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sábado, 25 de agosto de 2018

O caminho do totalitarismo - Uki Goñi (NYRBooks)

Uma sociedade que separa as crianças dos pais, já está no caminho do totalitarismo.
Isso aconteceu, pela primeira vez, no período do Holocausto nazista.
Voltou a acontecer sob a ditadura militar argentina.
E foi o que fez o governo Trump, recentemente...
Paulo Roberto de Almeida

Uki Goñi at The Buenos Aires Herald, in 1982

On the NYR Daily this week

The New York Review of Books, August 25, 2018

The genesis of “‘Silence Is Health’: How Totalitarianism Arrives,” Uki Goñi’s chilling essay about how a society slides from democracy to dictatorship, was a conversation on a warm Sunday afternoon in early fall last year on a park bench looking out over New York Harbor. Uki had just given a talkat the Museum of Jewish Heritage in Lower Manhattan about how his country, Argentina, had offered sanctuary to numerous Nazi war criminals, including, most notoriously, Adolf Eichmann. It’s a story brilliantly told in his 2002 book on the subject, The Real Odessa.
Because we’d worked together in the past, Uki had asked me to be his interlocutor at the event, and it was afterwards, outside in the September sunshine, that we got to talking about authoritarianism, the 1976–1983 military dictatorship in Argentina, and the disturbing trends in American politics. And that was the seed of what became this week’s featured essay on the Daily. I asked Uki how he’d come to make these connections.
“Researching the Nazi arrivals helped me understand how secret policies are decided on and carried out, in this case the Vatican, Argentine, and Swiss policies to aid fleeing Nazis,” he said. “I also wanted to determine if it was just a historical coincidence that Nazi-like extermination policies were carried out in the country where so many Nazis found refuge after the war.”
The essay relates how Uki had a ringside seat for the deadly collapse of democracy in his country, when he went to work for the English-language Buenos Aires Herald, the only newspaper to report on the junta’s abuses even as thousands of people were “disappeared.” Didn’t he feel vulnerable, wasn’t it terrifying?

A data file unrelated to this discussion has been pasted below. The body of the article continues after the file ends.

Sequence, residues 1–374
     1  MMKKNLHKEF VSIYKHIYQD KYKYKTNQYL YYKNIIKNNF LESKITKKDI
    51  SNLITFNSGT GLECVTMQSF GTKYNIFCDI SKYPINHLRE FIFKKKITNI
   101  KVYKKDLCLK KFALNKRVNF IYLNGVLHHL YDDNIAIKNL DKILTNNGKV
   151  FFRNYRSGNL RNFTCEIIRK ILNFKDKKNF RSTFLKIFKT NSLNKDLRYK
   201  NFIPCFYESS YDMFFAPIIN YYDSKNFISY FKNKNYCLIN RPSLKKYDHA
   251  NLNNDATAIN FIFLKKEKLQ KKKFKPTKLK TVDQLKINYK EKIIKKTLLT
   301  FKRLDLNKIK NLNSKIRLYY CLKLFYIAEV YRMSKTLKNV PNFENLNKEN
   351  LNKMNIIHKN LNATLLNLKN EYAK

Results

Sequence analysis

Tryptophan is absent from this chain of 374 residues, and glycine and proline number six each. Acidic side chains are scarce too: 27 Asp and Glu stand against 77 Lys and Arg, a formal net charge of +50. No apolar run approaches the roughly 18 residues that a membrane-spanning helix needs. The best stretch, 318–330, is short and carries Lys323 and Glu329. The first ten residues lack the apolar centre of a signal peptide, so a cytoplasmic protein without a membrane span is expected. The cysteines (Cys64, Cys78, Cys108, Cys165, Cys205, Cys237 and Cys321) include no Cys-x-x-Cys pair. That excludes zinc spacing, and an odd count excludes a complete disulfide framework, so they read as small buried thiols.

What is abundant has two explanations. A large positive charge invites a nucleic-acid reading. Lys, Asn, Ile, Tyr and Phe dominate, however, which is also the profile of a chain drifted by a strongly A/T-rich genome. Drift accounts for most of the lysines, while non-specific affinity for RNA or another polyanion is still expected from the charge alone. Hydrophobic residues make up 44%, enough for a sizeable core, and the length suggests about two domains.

“You did it despite the fear. It was like being in a slow-motion car crash. You knew you’d come out damaged, but there was no way out,” he said. The paper’s ethos owed much to its editor Robert Cox—though, eventually, he was forced into exile by death-threats.
“After Cox left, the newspaper toned down its human rights reporting,” Uki recalled. “It was a sad, muted epilogue to a truly unique journalistic crusade to save lives.”
One of the most telling moments in the piece, for me, was an epiphany about family separation. Among the Argentine dictatorship’s roundup of opponents were several hundred pregnant women; the regime waited until they had given birth before executing them, placing their orphaned babies with approved conservative-Catholic, “patriotic” families. This chimed with me because General Franco’s Falangist Spain had done the exact same thing, and on an industrial scale, as I learned this week in Omar Encarnación’s powerful essay “Spain Exhumes Its Painful Past.” But I know that’s not what Uki, who grew up in the US, was thinking of when he wrote: “A society that separates children from their parents, for whatever reason, is a society that is already on the path to totalitarianism.” 
Considering that, I was rather desperate for some ray of hope—and I wanted to get Uki’s perspective on how a renewal of democracy, too, can come about, since he had seen out the junta’s bloody rule. “Argentina is a unusual case in that it put its own generals on trial after the return of democracy. But the dictatorship did not fall because of widespread civic resistance, or outspoken politicians or churchmen demanding its end,” he explained. “[It] fell because its mismanagement of the economy left it no other choice but to take the exit door. It was not the triumph of good; it was more evil taking a rest.”
Hmm. Not quite the sunburst of optimism I was looking for. The nearest to that, perhaps, came from the surprise gift Uki sent along after we’d posted his piece—a tweetfrom the British ambassador to the Argentine Republic, Mark Kent: “Total respect to @ukigoni. Military dictatorship is abhorrent wherever and whenever. Well said Uki.” Now, that is Excellency.

For everything else we’ve been publishing, visit the NYR Dailysection of our site. And remember, you can reach the editors of the Daily, me and Lucy McKeon, with your comments and feedback via daily@nybooks.com.
Matt Seaton
Editor,NYR Daily

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